The general ledger is a bookkeeper's collection and summary of a company’s accounts. The general journal is a chronological record of daily financial transactions, and the general ledger book is itemized by accounts. The general ledger often takes the form of a simple two-column T-account. Formal records may use more columns to display the account balance after each debit and credit posting.
The purpose of the ledger is to serve as a part of a way to keep track of the financial health of your business.
It is up to the accountant or bookkeeper how to set up and name accounts for the ledger, but a typical and simple way is the T-method. With this method, a "T" is drawn on the page, and under the top of the T, debits are listed on the left and credits are listed on the right.
In the case of the formal ledger, a “running balance” of the daily transactions is then shown at the end of each day in a separate column. Opening balances are not always zero and depend on whether you open your business with tangible assets and liabilities that add to or subtract value from your business.
Naming accounts is done to clearly convey what kind of account it is. Typical account names include Cash, Capital, Expenses (often with subtitles), Revenue, Accounts Receivable, Accounts Payable and so on. Besides names, accounts are generally assigned an organized code number, so that data can be viewed, sorted and calculated easily.
Electronic ledgers are types of a ledger with accounting modules that provide advanced tools designed to manage the continuing entry and reporting of detailed financial transactions. Some have tools such as integrated project tracking. These electronic systems can generate many different kinds of reports like a list of entries, income statements, balance sheets, ratio analysis and more. The beauty of these electronic ledgers is that they do all the calculations for you, eliminating the need for calculators and excess labor hours, except in the strictest of circumstances.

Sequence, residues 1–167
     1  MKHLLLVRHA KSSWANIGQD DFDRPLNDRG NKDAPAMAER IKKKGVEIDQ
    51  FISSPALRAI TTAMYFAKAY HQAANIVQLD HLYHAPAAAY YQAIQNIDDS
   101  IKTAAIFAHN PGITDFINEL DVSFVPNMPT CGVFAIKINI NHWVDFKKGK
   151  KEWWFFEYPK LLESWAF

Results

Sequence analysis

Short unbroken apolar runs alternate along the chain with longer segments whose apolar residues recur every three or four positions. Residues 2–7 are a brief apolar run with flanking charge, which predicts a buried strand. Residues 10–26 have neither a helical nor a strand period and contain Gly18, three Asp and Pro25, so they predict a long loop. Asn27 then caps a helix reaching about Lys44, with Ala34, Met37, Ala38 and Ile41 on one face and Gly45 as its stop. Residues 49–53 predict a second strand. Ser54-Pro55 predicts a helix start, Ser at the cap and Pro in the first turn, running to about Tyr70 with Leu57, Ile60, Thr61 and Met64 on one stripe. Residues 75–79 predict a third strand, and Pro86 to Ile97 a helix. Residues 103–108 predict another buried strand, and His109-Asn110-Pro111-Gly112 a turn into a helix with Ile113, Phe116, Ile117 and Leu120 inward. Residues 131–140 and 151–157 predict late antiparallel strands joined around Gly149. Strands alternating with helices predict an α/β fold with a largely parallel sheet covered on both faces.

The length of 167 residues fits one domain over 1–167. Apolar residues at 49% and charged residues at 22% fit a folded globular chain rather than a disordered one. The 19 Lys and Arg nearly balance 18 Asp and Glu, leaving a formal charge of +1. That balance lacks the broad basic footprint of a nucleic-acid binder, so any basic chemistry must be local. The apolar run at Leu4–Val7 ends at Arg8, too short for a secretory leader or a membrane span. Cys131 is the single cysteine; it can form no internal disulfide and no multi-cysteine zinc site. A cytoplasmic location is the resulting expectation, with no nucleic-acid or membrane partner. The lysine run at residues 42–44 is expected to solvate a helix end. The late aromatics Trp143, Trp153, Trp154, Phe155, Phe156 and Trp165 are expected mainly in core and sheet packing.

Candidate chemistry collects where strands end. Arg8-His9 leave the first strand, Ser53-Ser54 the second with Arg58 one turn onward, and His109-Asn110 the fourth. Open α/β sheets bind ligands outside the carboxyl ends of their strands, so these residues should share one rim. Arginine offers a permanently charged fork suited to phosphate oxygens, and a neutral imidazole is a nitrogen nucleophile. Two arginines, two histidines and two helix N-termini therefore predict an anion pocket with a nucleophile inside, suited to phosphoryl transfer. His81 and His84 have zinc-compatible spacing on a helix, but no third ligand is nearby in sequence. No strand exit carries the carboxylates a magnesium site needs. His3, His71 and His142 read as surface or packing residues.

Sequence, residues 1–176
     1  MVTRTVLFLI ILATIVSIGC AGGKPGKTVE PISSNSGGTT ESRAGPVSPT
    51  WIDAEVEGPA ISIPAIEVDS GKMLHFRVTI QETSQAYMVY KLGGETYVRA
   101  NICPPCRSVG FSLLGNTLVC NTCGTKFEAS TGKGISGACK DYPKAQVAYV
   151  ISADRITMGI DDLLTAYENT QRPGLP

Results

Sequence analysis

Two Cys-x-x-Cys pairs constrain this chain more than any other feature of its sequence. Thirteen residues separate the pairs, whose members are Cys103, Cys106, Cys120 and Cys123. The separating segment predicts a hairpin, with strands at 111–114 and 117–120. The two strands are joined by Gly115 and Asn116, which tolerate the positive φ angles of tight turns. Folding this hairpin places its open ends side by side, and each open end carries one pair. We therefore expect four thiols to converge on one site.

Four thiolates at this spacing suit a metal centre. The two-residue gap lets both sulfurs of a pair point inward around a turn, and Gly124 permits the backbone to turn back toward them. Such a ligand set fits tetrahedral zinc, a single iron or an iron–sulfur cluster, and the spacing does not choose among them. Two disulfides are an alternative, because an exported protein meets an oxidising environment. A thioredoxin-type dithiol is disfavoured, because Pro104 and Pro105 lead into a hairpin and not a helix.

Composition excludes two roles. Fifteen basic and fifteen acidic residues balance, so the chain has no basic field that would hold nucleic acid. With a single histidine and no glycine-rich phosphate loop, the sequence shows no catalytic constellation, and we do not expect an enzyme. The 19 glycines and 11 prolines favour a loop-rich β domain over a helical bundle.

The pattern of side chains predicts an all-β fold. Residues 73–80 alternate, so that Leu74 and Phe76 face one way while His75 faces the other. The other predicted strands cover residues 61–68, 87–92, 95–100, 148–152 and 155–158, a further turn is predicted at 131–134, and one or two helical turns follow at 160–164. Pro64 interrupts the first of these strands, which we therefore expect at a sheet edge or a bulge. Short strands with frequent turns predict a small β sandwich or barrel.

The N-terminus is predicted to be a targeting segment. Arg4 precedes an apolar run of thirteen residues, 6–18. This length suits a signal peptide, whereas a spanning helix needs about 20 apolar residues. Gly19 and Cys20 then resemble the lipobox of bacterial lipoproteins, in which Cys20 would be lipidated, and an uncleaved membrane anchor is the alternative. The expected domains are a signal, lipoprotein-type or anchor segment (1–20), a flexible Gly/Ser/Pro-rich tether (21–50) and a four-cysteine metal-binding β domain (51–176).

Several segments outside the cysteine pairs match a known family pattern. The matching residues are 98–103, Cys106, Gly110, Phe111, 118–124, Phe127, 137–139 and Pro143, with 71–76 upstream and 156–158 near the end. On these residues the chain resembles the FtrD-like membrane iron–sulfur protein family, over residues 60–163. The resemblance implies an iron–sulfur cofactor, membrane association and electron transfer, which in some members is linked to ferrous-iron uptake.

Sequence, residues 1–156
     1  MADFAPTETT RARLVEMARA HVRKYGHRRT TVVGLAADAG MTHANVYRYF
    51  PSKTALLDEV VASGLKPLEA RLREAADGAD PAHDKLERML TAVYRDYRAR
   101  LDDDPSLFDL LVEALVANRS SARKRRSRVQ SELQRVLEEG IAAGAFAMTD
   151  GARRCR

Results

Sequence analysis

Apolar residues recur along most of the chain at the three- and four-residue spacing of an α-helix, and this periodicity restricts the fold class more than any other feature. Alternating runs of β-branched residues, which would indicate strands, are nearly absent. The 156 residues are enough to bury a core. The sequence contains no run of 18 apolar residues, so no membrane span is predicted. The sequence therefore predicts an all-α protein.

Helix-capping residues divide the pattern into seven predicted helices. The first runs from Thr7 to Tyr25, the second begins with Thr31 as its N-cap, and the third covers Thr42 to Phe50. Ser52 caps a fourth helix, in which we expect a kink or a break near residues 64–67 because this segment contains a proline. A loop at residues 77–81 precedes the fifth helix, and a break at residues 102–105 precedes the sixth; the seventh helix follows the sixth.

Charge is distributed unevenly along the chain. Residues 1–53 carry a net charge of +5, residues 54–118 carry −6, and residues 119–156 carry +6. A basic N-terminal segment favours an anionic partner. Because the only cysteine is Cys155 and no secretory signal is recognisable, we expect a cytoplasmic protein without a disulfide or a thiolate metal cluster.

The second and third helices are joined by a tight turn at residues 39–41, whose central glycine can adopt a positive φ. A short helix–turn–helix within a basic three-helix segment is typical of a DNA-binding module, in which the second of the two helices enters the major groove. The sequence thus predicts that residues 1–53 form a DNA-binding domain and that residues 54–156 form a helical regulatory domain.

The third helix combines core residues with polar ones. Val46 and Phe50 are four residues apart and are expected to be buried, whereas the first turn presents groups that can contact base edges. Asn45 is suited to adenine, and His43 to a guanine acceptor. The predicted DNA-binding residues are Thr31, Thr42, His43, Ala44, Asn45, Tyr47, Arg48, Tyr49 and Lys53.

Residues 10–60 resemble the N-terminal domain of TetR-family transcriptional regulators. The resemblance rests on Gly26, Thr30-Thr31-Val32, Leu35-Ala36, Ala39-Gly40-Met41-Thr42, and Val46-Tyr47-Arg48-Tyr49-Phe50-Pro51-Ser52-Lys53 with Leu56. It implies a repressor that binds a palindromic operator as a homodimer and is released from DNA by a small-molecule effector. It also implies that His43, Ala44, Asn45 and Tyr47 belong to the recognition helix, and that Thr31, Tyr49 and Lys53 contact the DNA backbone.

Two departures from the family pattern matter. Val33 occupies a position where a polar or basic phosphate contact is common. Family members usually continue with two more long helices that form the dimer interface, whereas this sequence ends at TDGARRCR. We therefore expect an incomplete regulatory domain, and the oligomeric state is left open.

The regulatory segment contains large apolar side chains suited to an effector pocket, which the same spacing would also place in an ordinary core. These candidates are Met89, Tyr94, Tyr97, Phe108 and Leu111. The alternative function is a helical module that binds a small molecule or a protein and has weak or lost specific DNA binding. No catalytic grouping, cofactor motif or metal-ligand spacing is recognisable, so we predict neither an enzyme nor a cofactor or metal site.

Electronic general ledger books also enable you to run detailed audit trails, as well as to make complicated or simple budgets and run profit and loss (P&L) statements. Electronic accounting makes it easier to track discrepancies such as duplicate postings or missing payments and credits which may show up on your monthly bank statement.
When a company augments financial data to yield non-existent earnings, it is called “cooking the books”. Ledgers are presumably used to keep this kind of fraud from happening because book-cooking involves accelerating revenues and delaying expenses, as well as implementing synthetic transactions to get more legitimate financing as well as to improve financial standings on Wall Street. Though the Sarbanes-Oxley Act does not apply to a small or family-owned business, it was created, in light of the Enron and Worldcom scandals, to govern “creative financing” and to control incidents that can lead to fraud, as well as honest error.
Generally accepted accounting principles (GAAP) allow investors a minimum level of consistency when analyzing financial statements for investment purposes. These principles cover things like revenue recognition, balance sheet item classification and outstanding share measurements. It is a set of general standards, however, that can be distorted. Distorted accounting standards can result in what is called accounting noise — noise that allows some companies to paint a rosier picture of their financial bottom line that what actually exists.
In all cases, investors should be cautious when scrutinizing not only ledgers, but also journals, receipts, billing and bank statements, costs of depreciation of machines and equipment, and any other financial data available to determine the true stability or potential of a business before investing.